Great for reading, but try putting that lamp next to a lamp with a halogen bulb, or even a regular light bulb. (which is about 3500 K)

And if you do art next to such a bulb, how do you think your art will look after you take it into the sun the next day?
Ever been to the Twilight Zone?
It won't look the way it did working under blue light.
I once tried it, and my doll's face turned out as ugly as sin because I used too much ochre. I was adding more and more yellow because I couldn't see any!

Oh and one other thing- that "full spectrum" also includes UV rays. So to all you SAD (seasonal affective disorder) sufferers- beware. Use the bulb but don't sit right in front of it. I'm a Seattleite- we get a lot of SAD cases out here. My own doctor uses a huge full spectrum lamp for a half hour a day in her office. I like coffee instead (just kidding!)

On the flip side, I hear this a lot.
No need. Fluorescent used to not be available in lower color temperatures. A standard regular non-energy efficient bulb is about 3500K. You can get fluorescent bulbs with that color temperature nowadays.

When lighting a home office or artist studio, you will want to create a comfortable environment that is free of harsh contrasts and distracting glare. You will need task lighting for art, reading and writing, etc.; and general lighting for the surrounding area. You may also want to include accent lighting for art on the wall. Two large ceiling fixtures, containing energy-efficient fluorescent tubes (3500K so they are a comfortable color temperature) will provide plenty of well-diffused general lighting, while eliminating shadows on the desk or work area. Place the fixtures overhead and to the right so the light comes over the shoulder. Lighting placed in front of the desk will cause troublesome shadows. Track lighting will illuminate the artwork. A desk lamp will provide task light. Position the lamp so it does not reflect on the computer screen. The best type of lamp for this is a reading lamp with an opaque covering above, not a shade (as you would use on an end table). The best type of bulb to use is Halogen or Xenon, because they have the best color rendering index of all man-made light sources. Halogen has a reputation of being very hot. If you are worried about this, use Xenon because it does not get as hot.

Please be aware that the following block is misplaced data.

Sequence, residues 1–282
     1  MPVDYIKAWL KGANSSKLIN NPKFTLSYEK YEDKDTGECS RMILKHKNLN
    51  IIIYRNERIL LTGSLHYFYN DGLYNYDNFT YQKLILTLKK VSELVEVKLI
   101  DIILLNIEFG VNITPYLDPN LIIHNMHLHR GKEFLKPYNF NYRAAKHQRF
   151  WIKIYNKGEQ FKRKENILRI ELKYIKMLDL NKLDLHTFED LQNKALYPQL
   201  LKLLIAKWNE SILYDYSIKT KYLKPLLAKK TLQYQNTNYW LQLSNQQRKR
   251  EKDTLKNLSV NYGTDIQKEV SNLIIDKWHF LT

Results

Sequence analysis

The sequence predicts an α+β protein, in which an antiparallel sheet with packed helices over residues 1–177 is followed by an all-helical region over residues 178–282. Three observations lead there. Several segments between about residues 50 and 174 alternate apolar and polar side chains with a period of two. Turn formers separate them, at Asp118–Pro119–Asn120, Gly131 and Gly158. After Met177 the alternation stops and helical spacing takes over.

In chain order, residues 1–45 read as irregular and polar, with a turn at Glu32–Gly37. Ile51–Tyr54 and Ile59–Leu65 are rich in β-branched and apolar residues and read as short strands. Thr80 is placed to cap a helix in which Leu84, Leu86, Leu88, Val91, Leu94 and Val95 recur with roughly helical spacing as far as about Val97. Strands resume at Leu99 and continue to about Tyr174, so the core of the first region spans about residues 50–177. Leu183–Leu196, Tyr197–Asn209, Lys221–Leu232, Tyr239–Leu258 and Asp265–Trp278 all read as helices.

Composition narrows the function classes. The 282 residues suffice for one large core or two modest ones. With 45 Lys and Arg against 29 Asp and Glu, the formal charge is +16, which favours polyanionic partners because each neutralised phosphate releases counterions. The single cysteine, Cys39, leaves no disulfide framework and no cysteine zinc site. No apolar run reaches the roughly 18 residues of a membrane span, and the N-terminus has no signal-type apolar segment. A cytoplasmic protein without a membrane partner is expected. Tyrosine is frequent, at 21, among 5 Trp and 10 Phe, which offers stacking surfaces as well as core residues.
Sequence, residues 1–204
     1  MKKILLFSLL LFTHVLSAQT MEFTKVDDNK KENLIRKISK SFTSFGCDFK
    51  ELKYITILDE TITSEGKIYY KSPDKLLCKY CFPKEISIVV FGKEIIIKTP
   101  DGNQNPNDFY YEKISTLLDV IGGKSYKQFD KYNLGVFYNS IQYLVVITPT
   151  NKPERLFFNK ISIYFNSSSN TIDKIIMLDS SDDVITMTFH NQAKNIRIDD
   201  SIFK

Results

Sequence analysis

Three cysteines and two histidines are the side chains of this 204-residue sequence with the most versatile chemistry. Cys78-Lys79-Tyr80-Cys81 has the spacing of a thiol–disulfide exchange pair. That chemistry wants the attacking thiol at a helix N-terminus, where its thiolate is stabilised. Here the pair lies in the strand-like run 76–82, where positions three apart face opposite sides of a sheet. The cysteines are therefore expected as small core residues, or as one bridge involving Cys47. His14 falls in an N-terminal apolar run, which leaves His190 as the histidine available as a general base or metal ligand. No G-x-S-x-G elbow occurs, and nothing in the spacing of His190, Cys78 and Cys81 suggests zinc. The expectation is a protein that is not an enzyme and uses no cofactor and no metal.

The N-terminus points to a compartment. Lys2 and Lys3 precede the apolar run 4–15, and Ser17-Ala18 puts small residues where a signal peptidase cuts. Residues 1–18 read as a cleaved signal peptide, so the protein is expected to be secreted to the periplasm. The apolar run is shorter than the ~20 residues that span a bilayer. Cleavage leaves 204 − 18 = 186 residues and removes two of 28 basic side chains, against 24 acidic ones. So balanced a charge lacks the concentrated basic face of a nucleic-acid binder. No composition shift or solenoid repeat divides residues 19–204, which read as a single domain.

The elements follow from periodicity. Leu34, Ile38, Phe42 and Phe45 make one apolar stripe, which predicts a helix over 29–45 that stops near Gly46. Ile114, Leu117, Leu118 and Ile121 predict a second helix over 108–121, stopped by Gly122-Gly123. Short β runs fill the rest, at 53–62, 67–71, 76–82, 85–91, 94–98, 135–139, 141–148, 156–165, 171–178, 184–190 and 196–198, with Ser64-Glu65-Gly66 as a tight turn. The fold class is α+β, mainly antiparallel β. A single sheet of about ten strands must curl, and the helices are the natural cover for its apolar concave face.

Well, there you have it. My little lighting sermon. Hope it was at least enlightening! Go back to art- go go go! And let me know how it goes...

If you would like to ask me anything about lighting, or need to source something out, maybe need a good price on lighting fixtures- you may email me. I do have a lot of resources at my disposal and well- it's my job!


  1. Wow!!!!!
    I am so "enlightened" now....
    I really enjoyed reading this and thanks a bunch. I read someplace that as we get older we need 75% more light. Now I will look for the correct bulbs... I don't use those ones they sell in the fabric stores .... you know the ones?? ;0}
    I just didn't like them.
    Now I'm off to make a list!!

  2. Thank you so much for the this info! It is so informative - I am always trying out how to get better light!

  3. Wow! Great post, I learned a lot!

  4. Great article. What do you think about LED lighting? It is extremely energy efficient but is it good for crafting/reading?

  5. Hi Rivkah
    I really like your article on lighting! So much I didn't know. May I have your permission to reprint it in our newletter?
    Thread Connections
    Fiber artists of San Antonio

    Sue Cooke

  6. Excellent and much sought after information! Thanks for sharing!